Next, a comparison of the opt-in groups reveals that the performance incentive group (T1) has a higher DR participation rate than the fixed incentive group (T2). This suggests that even among opt-in groups, a performance incentive motivates employees to save electricity by participating in DR and achieves a higher DR participation rate, whereas a fixed incentive that rewards employees even for non-participation lowers participation rate.

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A comparison of the opt-out groups, on the other hand, shows that the fixed incentive group (T4) has a higher DR participation rate than the performance incentive group (T3).

This result can be interpreted as follows. Unlike in the opt-in group, many employees in the opt-out group chose to participate, albeit not always eagerly. It is believed that if such employees receive a fixed incentive, even though they do not make a particularly vigorous effort to save electricity, they might decide to not opt out. However, as shown in Table 3, the gap in the participation rates between T3 and T4 is small, and thus, not statistically significant.

3.2 Estimation Results for Average Treatment Effects

The quantity of electricity consumed by the four treatment groups varies by condition of DR request participation, where the control group is treated as the base. There are two types of treatment effects: total treatment effect of each group (ATE or ITT) and treatment effect of employees who participated in DR for each group (local ATE among the compliers or TOT). We first measure ITT and then TOT to estimate the treatment effect of the quantity of electricity consumed. To estimate ITT, which is the gross treatment effect of each treatment group, a panel data analysis that controls for individual effects and time effects for each employee is conducted. Following is the estimation method:

𝑦𝑦𝑖𝑖𝑖𝑖 = 𝛽𝛽𝐼𝐼𝑇𝑇𝑇𝑇𝑔𝑔

𝑔𝑔∈(𝑇𝑇1,𝑇𝑇2,𝑇𝑇3,𝑇𝑇4)

∙ 𝐷𝐷𝑖𝑖𝑖𝑖𝑔𝑔+𝜃𝜃𝑖𝑖+𝜆𝜆𝑖𝑖+𝜀𝜀𝑖𝑖𝑖𝑖 , (2)

where 𝑦𝑦𝑖𝑖𝑖𝑖 is the quantity of electricity used by task lights for five minutes in time period t by employee i; 𝛽𝛽𝐼𝐼𝑇𝑇𝑇𝑇𝑔𝑔 is the overall average treatment effects of treatment group 𝑔𝑔; and 𝐷𝐷𝑖𝑖𝑖𝑖𝑔𝑔 is a treatment index, which takes the value of 1 if a group employee i belongs to any one of the four treatment groups and a time period that includes the DR request in time period t (in this case, 13:30–15:30 for each DR event day) and 0 in all other cases. T1 is the opt-in performance incentive group, T2 is the opt-in fixed incentive group, T3 is the opt-out performance incentive group, and T4 is the opt-out fixed incentive group. θi is the individual fixed effects of employee i and λt is the fixed effects of time. 𝜀𝜀𝑖𝑖𝑖𝑖 is the error term. The baseline used to estimate the average treatment effects of ITT and TOT is 9:00–11:00 on each DR event day.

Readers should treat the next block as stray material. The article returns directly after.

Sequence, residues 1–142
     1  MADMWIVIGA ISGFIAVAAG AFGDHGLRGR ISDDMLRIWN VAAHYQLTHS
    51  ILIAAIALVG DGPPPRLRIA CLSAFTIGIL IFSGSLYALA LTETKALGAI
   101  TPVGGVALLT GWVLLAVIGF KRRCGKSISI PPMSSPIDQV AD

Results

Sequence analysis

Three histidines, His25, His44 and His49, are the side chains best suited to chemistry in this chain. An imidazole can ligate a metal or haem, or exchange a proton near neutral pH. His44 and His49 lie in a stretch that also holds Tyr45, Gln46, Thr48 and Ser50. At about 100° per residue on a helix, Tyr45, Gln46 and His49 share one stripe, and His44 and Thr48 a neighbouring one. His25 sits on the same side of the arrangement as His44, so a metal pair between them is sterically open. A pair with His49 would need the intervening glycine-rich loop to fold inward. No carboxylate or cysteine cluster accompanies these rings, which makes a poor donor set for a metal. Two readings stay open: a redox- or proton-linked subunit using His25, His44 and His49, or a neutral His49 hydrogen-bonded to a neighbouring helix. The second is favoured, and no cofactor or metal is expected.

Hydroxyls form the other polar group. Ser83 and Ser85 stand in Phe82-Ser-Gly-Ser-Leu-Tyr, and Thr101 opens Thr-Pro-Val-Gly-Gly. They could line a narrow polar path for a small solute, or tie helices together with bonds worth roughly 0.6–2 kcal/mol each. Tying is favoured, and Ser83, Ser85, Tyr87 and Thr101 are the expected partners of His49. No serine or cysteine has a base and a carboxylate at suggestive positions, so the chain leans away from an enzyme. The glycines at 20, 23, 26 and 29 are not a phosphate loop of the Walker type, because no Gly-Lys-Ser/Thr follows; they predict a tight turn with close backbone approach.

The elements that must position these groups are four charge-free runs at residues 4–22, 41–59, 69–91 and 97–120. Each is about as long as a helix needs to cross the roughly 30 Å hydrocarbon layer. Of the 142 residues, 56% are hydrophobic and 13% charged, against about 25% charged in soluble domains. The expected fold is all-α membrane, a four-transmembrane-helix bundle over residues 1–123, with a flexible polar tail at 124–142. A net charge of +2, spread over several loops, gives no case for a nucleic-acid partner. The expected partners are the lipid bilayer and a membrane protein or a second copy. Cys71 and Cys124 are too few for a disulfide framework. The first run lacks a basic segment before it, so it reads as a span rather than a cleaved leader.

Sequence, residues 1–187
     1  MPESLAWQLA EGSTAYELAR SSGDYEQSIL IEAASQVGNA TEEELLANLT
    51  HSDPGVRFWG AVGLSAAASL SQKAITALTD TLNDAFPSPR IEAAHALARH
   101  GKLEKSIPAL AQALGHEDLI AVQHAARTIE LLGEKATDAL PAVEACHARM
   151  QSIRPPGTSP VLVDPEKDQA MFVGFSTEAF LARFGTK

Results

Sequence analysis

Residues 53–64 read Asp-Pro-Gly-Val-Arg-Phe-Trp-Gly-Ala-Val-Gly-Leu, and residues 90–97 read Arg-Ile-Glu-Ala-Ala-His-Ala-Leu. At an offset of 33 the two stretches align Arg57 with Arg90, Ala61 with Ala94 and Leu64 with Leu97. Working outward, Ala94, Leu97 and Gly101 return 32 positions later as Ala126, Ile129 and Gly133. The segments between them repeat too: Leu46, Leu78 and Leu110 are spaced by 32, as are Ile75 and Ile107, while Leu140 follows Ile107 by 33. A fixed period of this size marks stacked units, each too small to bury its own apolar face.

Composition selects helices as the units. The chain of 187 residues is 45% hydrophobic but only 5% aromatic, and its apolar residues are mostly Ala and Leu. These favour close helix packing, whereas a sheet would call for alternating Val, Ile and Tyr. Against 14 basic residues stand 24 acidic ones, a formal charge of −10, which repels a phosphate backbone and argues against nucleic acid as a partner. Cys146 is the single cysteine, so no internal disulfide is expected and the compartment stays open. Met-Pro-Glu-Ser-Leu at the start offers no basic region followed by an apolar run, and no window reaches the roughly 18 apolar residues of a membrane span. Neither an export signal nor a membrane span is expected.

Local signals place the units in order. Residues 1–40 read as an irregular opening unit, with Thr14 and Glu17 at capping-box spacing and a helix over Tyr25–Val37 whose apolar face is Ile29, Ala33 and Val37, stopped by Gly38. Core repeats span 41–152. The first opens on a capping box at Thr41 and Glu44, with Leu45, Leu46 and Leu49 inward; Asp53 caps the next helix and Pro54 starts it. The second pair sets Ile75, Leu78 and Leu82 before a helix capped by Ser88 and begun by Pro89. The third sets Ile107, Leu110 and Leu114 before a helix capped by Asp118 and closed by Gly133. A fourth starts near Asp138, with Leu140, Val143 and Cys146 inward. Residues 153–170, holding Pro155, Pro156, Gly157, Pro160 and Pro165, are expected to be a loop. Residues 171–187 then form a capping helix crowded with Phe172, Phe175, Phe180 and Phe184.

The estimation of TOT, which is the local average treatment effect, considers the following points. Employees assigned to each treatment group also include those who rejected the DR requests and therefore, the actual acceptance rate of the DR requests creates endogeneity through self-selection. In this case, the ordinary least squares method does not satisfy conformity. To overcome this endogeneity problem, the treatment group to which the employee is assigned is treated as an instrumental variable and a two-stage least squares estimation is performed to calculate the TOT of each treatment group

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(Angrist and Pischke, 2009)2.

Following is the estimation formula for TOT:

𝑦𝑦𝑖𝑖𝑖𝑖 = 𝛽𝛽𝑇𝑇𝑇𝑇𝑇𝑇𝑔𝑔

𝑔𝑔∈(𝑇𝑇1,𝑇𝑇2,𝑇𝑇3,𝑇𝑇4)

∙ 𝐶𝐶𝑖𝑖𝑖𝑖𝑔𝑔+𝜃𝜃𝑖𝑖+𝜆𝜆𝑖𝑖+𝜀𝜀𝑖𝑖𝑖𝑖 , (3)

where 𝛽𝛽𝑇𝑇𝑇𝑇𝑇𝑇𝑔𝑔 is the local average treatment effects of treatment group 𝑔𝑔; 𝐶𝐶𝑖𝑖𝑖𝑖𝑔𝑔 is a dummy variable that takes the value of 1 when instruments 𝐷𝐷𝑖𝑖𝑖𝑖𝑔𝑔 equals 1 and employee i actually participated in and helped with the DR request and 0 in all other cases. The employees assigned to each treatment group include those who rejected the DR request.

Table 4 summarizes the results for the average treatment effects by ITT and TOT (quantity of reduced consumption of electric power). Figure 4 is a graph that plots the ATE of ITT and TOT using the results in Table 4.

(Table 4: ITT and TOT Estimation Results) (Figure 4: ITT and TOT Effects for Each Group)

ITTs for each group, which are defined as the participation rate × TOT, are significant at the 1% significance level, confirming that the quantity of electricity consumption for the task lights by each treatment group fell significantly. The largest reduction in quantity was found for T3, followed by that for T1, T4, and T2. Both the opt-in and opt-out groups show that performance incentive groups achieved greater electricity-saving effects than the fixed incentive ones. The six p-values in the ITT column in Table 4 are the results of pairwise testing of ITT equality. For ITT, all hypothesis tests were rejected at the 1% significance level, confirming differences in ATE between all treatment groups.

Accordingly, we arrive at the following conclusions for ITT. First, the effects of performance incentives exceed those of fixed incentives, given opt-in and opt-out defaults. Second, the effects of opt-out are greater than those of opt-in, given fixed or performance incentives.